We are here to help you. Copyright laws can be long and complicated, but we are here to help you through the process, while protecting you, the author, and our company.
Rowe Photo respects the copyright law and we will not complete any service involving potentially copyrighted images without a written copyright release on file.
What is the Copyright law?
The U.S. Constitution and the Federal Copyright Act gives "copyright" protection to "authors" for their "original works" such as photographs and art work. Among the protections that copyright owners have are the exclusive right to:
• make copies of the work
• prepare other works based on the original
• distribute copies of the work to the public for sale, rental, lease or lending
• publicly perform and display the work
• These rights are protected by laws which provide for damage and criminal penalties for violations. Both the customer and the lab are subject this law.
Who owns what?
The law says the "author" is the owner of the copyright. The author of a photo or image is usually the person who snapped the shutter or created the image. If you took the photo, you own the copyright. If a professional photographer took the photo for you, then he or she owns the copyright.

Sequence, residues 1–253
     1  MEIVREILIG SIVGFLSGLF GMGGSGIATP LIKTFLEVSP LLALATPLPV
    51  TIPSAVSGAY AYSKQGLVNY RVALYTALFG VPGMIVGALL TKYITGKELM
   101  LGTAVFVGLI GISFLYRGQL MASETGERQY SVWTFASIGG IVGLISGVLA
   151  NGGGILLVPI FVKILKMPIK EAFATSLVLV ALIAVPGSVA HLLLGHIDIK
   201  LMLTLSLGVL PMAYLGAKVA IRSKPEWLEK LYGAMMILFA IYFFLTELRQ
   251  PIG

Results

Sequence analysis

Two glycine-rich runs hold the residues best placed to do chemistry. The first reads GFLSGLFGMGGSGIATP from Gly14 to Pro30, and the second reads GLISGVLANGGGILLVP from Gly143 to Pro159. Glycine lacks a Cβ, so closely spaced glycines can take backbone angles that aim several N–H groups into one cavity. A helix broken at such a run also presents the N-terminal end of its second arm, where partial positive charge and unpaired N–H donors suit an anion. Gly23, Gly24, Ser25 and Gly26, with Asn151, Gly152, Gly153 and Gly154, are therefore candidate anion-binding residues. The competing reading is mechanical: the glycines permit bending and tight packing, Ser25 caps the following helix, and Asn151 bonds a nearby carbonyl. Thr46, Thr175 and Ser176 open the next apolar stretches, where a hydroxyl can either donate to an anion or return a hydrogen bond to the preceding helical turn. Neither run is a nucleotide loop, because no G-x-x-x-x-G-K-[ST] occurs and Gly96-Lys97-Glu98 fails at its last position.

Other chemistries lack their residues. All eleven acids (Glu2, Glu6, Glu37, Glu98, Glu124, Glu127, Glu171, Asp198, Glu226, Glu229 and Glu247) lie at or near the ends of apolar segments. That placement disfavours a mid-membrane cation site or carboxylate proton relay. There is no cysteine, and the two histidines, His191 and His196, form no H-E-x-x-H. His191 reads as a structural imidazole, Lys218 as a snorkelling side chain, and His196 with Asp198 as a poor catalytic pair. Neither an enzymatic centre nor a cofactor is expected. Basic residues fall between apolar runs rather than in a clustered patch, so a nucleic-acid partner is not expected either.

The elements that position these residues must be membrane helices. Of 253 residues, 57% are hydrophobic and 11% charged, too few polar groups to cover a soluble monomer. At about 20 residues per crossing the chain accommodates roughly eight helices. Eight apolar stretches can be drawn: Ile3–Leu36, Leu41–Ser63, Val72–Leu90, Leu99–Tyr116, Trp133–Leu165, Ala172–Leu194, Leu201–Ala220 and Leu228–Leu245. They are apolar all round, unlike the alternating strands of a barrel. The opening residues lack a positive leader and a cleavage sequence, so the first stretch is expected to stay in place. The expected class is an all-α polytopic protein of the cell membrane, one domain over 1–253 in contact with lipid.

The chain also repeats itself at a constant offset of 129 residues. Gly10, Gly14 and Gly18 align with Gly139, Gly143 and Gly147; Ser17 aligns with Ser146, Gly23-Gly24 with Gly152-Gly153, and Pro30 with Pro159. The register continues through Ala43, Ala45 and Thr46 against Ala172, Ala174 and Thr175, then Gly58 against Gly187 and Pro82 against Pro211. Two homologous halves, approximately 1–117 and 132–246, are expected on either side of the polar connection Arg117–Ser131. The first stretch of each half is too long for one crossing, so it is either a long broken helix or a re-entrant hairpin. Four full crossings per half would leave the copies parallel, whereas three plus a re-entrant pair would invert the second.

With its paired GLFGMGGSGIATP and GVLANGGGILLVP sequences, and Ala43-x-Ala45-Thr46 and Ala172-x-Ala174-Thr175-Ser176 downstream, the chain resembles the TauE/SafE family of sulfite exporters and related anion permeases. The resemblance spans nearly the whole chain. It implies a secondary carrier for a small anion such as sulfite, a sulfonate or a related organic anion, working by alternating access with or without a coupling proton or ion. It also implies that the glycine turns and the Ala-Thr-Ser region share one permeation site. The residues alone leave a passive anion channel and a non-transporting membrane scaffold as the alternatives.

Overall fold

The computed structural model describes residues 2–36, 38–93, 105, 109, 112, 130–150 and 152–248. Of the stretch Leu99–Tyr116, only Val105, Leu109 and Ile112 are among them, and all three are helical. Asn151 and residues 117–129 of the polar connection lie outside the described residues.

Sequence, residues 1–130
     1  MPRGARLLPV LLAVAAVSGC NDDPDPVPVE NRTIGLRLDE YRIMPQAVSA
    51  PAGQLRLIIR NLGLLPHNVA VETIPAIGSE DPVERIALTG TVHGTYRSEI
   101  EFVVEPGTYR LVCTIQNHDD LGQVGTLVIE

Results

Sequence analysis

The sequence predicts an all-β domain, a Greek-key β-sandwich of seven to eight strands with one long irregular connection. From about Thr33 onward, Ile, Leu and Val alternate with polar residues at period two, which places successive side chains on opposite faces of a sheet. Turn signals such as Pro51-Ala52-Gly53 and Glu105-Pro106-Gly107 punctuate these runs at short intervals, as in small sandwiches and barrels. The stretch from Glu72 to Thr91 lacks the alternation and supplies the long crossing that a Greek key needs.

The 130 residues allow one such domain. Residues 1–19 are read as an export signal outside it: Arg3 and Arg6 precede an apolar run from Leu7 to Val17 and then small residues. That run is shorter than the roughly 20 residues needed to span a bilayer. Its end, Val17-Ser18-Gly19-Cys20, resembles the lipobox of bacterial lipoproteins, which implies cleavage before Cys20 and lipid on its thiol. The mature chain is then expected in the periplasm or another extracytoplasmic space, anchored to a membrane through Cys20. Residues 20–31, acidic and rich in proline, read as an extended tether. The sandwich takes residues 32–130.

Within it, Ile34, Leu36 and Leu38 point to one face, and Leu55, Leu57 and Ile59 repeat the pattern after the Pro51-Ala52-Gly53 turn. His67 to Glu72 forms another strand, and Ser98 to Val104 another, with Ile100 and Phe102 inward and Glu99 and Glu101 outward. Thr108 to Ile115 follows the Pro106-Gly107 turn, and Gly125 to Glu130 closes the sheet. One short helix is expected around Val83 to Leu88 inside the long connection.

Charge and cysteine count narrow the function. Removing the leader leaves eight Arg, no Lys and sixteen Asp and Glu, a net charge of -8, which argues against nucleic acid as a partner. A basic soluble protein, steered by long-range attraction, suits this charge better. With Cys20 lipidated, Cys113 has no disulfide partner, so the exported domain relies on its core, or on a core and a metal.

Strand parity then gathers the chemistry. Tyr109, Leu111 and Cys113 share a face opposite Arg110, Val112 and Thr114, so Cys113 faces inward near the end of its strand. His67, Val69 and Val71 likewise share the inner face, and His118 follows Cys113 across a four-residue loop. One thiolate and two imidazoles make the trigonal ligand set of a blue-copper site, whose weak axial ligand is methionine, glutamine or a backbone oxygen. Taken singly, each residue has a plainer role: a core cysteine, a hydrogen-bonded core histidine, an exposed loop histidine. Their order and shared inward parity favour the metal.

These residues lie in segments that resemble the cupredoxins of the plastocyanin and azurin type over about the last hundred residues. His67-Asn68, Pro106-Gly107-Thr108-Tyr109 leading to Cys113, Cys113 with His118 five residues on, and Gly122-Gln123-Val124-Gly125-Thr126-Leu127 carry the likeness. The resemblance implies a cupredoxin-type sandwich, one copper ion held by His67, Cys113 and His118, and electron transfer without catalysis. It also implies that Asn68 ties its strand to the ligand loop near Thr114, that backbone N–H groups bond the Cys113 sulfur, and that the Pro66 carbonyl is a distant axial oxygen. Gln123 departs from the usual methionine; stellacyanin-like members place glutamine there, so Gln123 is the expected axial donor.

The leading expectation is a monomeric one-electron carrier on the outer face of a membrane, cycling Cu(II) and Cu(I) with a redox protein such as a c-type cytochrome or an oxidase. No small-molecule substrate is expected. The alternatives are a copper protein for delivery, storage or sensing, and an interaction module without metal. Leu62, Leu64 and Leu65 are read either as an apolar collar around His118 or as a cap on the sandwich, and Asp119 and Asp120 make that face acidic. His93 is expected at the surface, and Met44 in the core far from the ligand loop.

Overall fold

Why all the fuss?
The primary reason is economic. Photographers feel that they invest a lot of time and creative energy in capturing the experience; setting the camera, pose, lighting, background and extra images photographed to get the right shot. They generally price their services by taking into account the fact that customers will purchase their prints If the prints are obtained elsewhere, the photographer loses the opportunity to recover their investment.
How can I get copies made?
If you have copyrighted images you need to return to the "author," or ask them if they will give Rowe Photo written permission (a copyright release) so that we can legally make the copies for you. We have found most professional photographers to be very cooperative and will do their best to see that your needs are met.
Are there any exception?
Generally, no. But, we will gather information, investigate to the extent necessary to see if permission can be obtained, and make a decision based on our best judgement of how the law applies to your request.